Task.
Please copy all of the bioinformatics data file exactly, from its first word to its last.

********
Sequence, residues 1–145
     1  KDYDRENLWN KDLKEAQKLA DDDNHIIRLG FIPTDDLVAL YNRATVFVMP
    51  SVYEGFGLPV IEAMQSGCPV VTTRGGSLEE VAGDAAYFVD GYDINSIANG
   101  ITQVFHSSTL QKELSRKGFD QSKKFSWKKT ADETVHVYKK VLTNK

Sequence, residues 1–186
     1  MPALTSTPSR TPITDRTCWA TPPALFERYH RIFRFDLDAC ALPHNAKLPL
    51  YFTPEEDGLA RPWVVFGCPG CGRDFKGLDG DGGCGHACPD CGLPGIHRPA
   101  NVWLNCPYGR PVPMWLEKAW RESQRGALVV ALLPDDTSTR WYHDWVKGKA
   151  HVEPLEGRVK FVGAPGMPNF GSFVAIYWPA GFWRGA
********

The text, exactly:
Sequence, residues 1–145
     1  KDYDRENLWN KDLKEAQKLA DDDNHIIRLG FIPTDDLVAL YNRATVFVMP
    51  SVYEGFGLPV IEAMQSGCPV VTTRGGSLEE VAGDAAYFVD GYDINSIANG
   101  ITQVFHSSTL QKELSRKGFD QSKKFSWKKT ADETVHVYKK VLTNK

Sequence, residues 1–186
     1  MPALTSTPSR TPITDRTCWA TPPALFERYH RIFRFDLDAC ALPHNAKLPL
    51  YFTPEEDGLA RPWVVFGCPG CGRDFKGLDG DGGCGHACPD CGLPGIHRPA
   101  NVWLNCPYGR PVPMWLEKAW RESQRGALVV ALLPDDTSTR WYHDWVKGKA
   151  HVEPLEGRVK FVGAPGMPNF GSFVAIYWPA GFWRGA